In a double setback for President Bill Clinton, the Republican-controlled Senate yesterday voted overwhelmingly to set up a special committee to hold new hearings into the Whitewater affair, while his Commerce Secretary, Ron Brown, became the third cabinet-level official of the Administration to face a special counsel's examination of his private business dealings.
The two developments, coming within an hour of each other, came as a dash of reality for the White House, basking in a presidential approval rating of almost 60 per cent and a poll published yesterday showing Mr Clinton narrowly beating Bob Dole, the Republican front-runner, in a theoretical election match-up. Only two months ago Mr Dole won a similar contest by seven full points. The new Whitewater hearings, spearheaded by Alfonse D'Amato, the Banking Committee chairman and an arch foe of Mr Clinton, will draw on new material unearthed by the special prosecutor, Kenneth Starr, and focus both on allegations of government interference in the probe of Madison Guaranty Bank of Little Rock, Arkansas, and events surrounding the July 1993 suicide of Vince Foster, the deputy White House counsel.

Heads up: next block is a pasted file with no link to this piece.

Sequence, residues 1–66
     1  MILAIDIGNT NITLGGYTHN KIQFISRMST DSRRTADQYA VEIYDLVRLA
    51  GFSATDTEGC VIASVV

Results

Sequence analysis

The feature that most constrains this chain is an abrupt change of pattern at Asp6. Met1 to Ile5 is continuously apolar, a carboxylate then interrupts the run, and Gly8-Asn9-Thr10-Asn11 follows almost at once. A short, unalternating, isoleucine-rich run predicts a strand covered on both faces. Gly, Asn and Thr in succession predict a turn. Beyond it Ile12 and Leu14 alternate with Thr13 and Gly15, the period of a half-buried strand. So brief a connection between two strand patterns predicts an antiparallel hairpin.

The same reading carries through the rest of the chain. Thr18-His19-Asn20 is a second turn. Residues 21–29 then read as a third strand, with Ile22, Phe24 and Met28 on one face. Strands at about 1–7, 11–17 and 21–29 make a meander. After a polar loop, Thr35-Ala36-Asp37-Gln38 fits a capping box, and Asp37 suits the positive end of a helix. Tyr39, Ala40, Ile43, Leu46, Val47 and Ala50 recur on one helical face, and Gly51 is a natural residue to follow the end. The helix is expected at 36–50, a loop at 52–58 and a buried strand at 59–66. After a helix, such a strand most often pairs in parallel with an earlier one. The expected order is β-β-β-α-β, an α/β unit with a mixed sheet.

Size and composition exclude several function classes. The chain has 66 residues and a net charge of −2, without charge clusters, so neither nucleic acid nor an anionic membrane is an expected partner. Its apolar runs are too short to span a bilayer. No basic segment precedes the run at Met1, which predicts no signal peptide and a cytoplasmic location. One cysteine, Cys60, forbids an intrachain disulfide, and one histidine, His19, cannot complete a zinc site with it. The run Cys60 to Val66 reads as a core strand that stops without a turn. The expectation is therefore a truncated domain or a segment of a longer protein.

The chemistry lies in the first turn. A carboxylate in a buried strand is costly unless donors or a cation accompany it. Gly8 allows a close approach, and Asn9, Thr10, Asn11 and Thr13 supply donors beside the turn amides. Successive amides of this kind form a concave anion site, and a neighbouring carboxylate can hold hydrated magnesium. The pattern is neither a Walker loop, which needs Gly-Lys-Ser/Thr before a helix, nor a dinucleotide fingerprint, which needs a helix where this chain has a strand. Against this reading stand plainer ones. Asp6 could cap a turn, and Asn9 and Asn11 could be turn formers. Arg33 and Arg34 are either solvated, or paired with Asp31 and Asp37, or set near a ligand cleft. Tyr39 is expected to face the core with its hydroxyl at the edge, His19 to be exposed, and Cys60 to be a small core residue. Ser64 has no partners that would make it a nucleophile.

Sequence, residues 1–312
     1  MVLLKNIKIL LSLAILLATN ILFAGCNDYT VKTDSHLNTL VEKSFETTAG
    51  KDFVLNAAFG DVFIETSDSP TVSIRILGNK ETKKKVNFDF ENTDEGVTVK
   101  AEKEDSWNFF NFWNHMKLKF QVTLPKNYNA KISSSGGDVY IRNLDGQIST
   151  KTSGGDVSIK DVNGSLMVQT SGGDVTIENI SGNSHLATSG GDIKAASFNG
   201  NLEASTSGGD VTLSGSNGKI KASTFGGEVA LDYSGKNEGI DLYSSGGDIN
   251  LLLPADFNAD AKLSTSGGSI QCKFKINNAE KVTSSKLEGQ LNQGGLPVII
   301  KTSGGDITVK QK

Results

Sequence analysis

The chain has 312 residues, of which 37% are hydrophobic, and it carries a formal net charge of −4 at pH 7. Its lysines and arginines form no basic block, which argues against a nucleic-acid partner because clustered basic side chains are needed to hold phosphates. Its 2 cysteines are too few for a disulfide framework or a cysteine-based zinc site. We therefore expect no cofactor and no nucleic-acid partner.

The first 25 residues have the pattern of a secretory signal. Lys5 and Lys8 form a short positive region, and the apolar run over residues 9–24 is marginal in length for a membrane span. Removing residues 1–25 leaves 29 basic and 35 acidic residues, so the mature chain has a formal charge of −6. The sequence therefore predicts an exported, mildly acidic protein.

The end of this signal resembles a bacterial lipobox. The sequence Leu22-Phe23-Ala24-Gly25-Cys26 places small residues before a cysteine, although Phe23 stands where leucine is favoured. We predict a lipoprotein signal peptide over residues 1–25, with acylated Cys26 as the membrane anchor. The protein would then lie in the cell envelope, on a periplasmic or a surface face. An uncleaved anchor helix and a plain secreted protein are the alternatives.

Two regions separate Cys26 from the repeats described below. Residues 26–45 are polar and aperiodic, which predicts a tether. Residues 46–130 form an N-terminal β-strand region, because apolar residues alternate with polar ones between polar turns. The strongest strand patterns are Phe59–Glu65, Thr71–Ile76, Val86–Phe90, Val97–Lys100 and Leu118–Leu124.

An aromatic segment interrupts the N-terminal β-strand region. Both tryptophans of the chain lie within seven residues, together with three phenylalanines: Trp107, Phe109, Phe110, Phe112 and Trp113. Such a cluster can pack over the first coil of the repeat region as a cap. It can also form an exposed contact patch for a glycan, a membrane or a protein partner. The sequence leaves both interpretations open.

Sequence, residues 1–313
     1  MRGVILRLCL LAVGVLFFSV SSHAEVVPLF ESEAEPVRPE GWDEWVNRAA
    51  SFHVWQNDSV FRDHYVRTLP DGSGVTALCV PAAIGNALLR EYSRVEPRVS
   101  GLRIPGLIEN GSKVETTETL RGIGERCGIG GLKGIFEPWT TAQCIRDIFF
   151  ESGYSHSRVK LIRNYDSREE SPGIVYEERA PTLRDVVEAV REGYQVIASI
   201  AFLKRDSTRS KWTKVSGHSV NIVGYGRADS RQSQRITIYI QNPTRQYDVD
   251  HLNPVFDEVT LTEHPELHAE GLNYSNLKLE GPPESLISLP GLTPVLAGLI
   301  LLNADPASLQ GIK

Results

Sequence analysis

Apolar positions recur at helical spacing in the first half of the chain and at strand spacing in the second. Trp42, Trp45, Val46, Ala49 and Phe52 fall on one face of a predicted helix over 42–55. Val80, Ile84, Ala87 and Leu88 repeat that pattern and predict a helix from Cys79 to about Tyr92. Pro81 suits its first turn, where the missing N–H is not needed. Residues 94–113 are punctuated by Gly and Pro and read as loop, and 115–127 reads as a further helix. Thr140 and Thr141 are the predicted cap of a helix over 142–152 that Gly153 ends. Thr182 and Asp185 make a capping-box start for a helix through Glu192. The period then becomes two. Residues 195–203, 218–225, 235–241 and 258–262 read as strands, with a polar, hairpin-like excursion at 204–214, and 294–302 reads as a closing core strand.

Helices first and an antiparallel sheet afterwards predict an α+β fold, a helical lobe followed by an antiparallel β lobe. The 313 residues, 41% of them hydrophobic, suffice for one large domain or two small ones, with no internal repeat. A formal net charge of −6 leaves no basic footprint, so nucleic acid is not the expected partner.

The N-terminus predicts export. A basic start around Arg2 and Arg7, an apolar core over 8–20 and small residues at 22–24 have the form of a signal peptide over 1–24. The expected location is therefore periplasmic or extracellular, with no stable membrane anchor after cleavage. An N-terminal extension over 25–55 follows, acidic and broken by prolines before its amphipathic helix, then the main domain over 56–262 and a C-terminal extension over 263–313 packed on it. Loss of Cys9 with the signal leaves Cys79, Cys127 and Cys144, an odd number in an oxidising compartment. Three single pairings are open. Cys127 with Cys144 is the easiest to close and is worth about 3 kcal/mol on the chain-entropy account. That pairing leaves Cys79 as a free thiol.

Worse still perhaps is the timing, whereby the committee has until 29 February next year to complete its work.
Such reminders of his "character problem," in hearings probably carried live on national television, are the last thing Mr Clinton needs at the very moment his 1996 re-election campaign moves into high gear.